Fresh finds at La Tienda Mexicana, clockwise from the beer: guacamole, fresh tortillas, Mexican rice, salsa chica, birria de res, Goya brand hot taquera salsa.


By Wini Moranville

Cinco de Mayo commemorates the Mexican military’s victory over the French army in 1862; the David vs. Goliath battle remains a meaningful date for those of Mexican heritage and a way for the rest of us to honor Mexican history and culture. While you can celebrate Cinco de Mayo at scads of restaurants in town, if you swing by La Tienda Mexicana, you can bring it all home, without even cooking.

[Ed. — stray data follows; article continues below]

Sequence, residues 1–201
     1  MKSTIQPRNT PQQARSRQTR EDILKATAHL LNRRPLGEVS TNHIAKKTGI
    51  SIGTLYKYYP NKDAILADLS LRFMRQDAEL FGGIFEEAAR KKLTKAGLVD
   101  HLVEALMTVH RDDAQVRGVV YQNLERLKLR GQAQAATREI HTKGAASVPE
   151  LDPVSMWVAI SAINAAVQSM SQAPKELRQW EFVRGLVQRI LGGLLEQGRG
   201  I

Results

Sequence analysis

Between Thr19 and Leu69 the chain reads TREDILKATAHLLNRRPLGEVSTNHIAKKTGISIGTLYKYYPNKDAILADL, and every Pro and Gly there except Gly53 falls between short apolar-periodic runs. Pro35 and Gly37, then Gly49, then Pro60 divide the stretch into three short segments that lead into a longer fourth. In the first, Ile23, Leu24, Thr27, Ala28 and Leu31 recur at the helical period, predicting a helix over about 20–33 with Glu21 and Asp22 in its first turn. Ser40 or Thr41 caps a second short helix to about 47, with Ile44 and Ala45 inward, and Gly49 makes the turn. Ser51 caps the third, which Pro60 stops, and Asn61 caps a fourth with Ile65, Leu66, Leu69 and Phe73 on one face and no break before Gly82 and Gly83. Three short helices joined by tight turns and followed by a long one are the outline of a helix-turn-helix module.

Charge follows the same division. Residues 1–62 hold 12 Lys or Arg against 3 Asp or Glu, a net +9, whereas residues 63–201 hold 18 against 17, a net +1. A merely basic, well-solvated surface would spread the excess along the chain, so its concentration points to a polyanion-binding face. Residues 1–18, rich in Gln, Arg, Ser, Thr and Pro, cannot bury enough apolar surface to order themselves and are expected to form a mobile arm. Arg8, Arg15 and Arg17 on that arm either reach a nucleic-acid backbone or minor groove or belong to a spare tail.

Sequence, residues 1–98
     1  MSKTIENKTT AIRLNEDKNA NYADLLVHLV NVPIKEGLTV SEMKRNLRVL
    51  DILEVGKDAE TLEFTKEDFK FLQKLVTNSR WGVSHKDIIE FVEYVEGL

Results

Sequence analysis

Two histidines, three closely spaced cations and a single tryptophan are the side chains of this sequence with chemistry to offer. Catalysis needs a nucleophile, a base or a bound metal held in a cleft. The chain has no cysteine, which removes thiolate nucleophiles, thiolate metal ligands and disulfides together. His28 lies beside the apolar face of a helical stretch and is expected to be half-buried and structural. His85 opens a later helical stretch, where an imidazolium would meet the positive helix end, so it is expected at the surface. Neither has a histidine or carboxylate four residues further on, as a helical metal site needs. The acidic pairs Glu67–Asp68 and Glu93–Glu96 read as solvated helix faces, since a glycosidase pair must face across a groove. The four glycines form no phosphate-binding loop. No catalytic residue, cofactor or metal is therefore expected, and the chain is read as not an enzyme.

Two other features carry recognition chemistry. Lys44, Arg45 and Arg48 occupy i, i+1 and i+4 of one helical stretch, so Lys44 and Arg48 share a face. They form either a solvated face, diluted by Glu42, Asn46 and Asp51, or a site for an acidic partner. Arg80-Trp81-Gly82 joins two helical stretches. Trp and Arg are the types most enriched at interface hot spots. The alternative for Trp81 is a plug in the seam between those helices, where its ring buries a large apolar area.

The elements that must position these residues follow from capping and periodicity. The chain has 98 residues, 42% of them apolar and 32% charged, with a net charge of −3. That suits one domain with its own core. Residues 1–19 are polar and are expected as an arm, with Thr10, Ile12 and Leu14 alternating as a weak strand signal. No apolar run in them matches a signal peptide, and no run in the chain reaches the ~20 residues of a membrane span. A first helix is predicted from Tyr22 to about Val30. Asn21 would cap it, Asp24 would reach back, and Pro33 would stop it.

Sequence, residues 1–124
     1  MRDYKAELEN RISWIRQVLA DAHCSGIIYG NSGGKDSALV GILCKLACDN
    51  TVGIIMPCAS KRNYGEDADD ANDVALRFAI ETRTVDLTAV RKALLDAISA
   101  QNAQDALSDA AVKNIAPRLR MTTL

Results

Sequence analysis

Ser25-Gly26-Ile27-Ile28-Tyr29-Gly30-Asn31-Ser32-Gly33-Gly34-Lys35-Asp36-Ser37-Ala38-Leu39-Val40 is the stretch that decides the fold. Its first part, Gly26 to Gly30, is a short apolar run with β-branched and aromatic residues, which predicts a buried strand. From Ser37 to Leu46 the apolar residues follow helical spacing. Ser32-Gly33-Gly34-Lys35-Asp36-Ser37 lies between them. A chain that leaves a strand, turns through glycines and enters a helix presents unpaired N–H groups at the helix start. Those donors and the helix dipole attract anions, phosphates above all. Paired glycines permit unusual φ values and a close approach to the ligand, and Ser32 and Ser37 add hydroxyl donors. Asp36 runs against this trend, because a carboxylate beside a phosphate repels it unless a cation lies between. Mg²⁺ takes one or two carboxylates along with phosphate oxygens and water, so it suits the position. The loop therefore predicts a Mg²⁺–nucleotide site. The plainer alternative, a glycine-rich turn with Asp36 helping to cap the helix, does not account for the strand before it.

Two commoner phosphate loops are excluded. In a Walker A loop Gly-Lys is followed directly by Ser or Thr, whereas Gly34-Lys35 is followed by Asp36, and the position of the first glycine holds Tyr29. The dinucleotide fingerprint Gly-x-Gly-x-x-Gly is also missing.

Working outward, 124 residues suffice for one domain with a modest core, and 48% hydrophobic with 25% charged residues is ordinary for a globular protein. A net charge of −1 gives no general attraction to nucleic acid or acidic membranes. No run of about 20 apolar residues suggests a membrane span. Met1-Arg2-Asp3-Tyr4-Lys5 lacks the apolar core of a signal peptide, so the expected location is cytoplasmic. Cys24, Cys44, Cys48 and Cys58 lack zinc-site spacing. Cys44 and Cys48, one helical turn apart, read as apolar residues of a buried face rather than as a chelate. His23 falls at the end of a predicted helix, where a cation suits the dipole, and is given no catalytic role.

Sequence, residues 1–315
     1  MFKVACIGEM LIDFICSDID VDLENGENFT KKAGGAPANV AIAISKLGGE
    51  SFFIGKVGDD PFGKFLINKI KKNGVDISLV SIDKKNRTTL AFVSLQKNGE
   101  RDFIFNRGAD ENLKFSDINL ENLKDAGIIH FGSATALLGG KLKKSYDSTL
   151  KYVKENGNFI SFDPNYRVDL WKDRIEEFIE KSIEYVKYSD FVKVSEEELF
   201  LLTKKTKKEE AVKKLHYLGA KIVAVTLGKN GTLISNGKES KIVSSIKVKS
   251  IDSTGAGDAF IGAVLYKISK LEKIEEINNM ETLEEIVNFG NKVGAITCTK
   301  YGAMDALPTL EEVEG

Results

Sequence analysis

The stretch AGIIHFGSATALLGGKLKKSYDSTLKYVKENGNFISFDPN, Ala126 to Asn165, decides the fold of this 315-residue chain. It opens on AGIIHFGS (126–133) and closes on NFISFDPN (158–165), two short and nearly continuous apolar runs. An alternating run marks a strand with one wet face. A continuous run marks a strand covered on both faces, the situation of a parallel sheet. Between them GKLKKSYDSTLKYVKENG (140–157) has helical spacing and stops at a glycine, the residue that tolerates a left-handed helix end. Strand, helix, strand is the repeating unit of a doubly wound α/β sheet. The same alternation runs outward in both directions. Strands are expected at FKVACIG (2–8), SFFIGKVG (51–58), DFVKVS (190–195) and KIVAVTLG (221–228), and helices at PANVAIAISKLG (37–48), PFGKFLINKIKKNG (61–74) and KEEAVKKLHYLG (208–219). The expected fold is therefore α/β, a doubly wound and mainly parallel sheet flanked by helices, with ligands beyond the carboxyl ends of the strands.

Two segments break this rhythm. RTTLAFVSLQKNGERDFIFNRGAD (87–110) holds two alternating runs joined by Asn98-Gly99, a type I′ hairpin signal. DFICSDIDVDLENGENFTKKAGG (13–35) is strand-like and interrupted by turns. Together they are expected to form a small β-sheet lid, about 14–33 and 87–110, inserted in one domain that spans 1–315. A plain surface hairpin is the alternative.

This Mexican grocery store carries plenty of Mexican produce and staples, but for me, the real fun begins with their prepared foods. Grab a stack of freshly made warm tortillas ($1 for about a dozen), and head to the deli counter for something to fill them with. My choices here include the moist, tender, roasted and pulled pork or the birria de res – beef stewed in seasonings anchored by the dried, deep-red guajillo chile. If you go the latter route, refrigerate the meat a while to make it easy to skim off the fat (the fat gives the meat richness during cooking, but makes it a bit oily – for my tastes, anyway – at the table). Then, simply reheat and serve.

Once you’ve selected the prepared meat, turn around and check out the case of fresh house-made condiments. Favorites here include the buttery and unmistakably lime-sparked guacamole and a fruity green salsa.